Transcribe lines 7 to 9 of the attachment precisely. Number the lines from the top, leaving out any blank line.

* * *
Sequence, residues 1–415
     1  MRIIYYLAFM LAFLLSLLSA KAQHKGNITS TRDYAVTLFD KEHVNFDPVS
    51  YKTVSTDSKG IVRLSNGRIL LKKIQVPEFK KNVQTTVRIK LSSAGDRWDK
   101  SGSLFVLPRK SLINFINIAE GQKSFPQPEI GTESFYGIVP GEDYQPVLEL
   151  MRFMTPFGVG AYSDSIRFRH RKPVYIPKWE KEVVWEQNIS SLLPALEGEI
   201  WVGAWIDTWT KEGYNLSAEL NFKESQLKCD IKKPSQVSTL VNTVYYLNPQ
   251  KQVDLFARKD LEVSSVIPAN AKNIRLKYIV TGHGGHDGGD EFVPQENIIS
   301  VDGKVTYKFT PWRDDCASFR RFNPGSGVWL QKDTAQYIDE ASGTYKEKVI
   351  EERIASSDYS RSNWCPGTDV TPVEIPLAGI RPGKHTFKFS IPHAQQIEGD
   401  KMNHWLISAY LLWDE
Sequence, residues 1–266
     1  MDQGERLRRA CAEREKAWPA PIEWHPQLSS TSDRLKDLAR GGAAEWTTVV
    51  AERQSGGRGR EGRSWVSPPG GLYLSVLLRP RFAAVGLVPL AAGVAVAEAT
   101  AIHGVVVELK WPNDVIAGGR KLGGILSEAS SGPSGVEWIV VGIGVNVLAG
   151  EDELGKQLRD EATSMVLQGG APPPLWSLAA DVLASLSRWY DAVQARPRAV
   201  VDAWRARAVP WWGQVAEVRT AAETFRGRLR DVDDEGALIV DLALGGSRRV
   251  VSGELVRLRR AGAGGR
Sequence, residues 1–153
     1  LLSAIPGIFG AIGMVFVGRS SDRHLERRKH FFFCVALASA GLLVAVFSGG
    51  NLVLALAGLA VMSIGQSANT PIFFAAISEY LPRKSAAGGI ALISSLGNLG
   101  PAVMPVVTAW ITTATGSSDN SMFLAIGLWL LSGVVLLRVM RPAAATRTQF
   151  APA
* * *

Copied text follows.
   251  KQVDLFARKD LEVSSVIPAN AKNIRLKYIV TGHGGHDGGD EFVPQENIIS
   301  VDGKVTYKFT PWRDDCASFR RFNPGSGVWL QKDTAQYIDE ASGTYKEKVI
   351  EERIASSDYS RSNWCPGTDV TPVEIPLAGI RPGKHTFKFS IPHAQQIEGD